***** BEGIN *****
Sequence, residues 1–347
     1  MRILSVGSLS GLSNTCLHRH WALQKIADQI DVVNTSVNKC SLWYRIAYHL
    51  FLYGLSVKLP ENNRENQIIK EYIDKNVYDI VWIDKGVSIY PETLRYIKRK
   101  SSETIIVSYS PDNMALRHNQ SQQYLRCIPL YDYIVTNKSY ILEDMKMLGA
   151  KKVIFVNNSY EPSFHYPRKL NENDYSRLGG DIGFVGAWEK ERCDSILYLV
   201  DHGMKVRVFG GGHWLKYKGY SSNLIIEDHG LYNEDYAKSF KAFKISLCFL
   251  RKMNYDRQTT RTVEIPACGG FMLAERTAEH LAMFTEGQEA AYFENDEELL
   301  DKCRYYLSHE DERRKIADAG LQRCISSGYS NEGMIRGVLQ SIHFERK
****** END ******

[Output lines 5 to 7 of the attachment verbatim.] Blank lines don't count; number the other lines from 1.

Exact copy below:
   151  KKVIFVNNSY EPSFHYPRKL NENDYSRLGG DIGFVGAWEK ERCDSILYLV
   201  DHGMKVRVFG GGHWLKYKGY SSNLIIEDHG LYNEDYAKSF KAFKISLCFL
   251  RKMNYDRQTT RTVEIPACGG FMLAERTAEH LAMFTEGQEA AYFENDEELL